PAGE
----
The leg work an author is expected to do in building their platform and marketing their book does not have to be extensive. Choose two or three things you can do well and begin to unpack your story—both the one you’re writing and the one you’re living. Those are the stories your circle of influence wants to hear.

Finding your WHY

doctype-hi-resWhen I tell people I work in marketing, I never really know what response I’m going to get. “Platform building” is not always everyone’s favorite topic. To many, it feels disingenuous, or even a little slimy and I get it. Trust me. I get it.

The thing is, I’m not just promoting things for the money. I get to market books and education—two things I’m very passionate about. I don’t feel like I’m selling something unnecessarily. I’m recommending things I can stand firmly behind and I just happen to get paid for it.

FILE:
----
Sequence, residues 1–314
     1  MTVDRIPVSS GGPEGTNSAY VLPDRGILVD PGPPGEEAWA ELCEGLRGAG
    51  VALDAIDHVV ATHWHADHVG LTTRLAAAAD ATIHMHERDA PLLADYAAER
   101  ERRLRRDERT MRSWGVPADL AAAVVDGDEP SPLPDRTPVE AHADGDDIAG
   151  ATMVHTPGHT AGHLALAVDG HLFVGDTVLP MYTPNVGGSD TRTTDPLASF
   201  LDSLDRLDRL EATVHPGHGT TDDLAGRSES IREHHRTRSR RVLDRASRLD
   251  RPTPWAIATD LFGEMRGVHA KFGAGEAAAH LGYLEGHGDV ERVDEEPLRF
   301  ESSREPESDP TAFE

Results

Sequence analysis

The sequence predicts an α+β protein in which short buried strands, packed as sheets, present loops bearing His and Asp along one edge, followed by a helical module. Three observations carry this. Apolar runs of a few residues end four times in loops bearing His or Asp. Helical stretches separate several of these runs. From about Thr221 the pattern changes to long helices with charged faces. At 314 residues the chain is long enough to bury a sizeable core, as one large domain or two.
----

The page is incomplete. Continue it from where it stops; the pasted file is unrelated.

If I don’t believe in what I’m promoting, is there really any point?

For authors opposed to building their own platform, I think a shift in perspective may need to be considered. The question to be answered is how are you actually viewing platform? Is a platform something

A.)used to sell books

or is it B.)a tool to build relationships and foster discussion?

I firmly believe option B is what makes a platform. A just alienates those who believe in your work and doesn’t draw anyone new in.

So what’s the difference between the two?

It all boils down to your WHY.

Simon Sinek explained the concept in his 2009 Ted Talk, which I highly recommend. People don’t buy what you do, they buy why you do it.

Marketing doesn’t work if it’s just advertising. It’s a relationship. An exchange of values and ideas that may result in a product. But it may not. This is what separates the schmoozing from the substantial. An author’s platform is not meant to be shameless self-promotion. It’s supposed to be tribe building.

I could talk about this all day, but if you’re looking for more on this topic, I recommend this blog post I wrote for Apricot Services.

Weigh in in the comment’s section. What turns you off to marketing and what does platform building look like to you?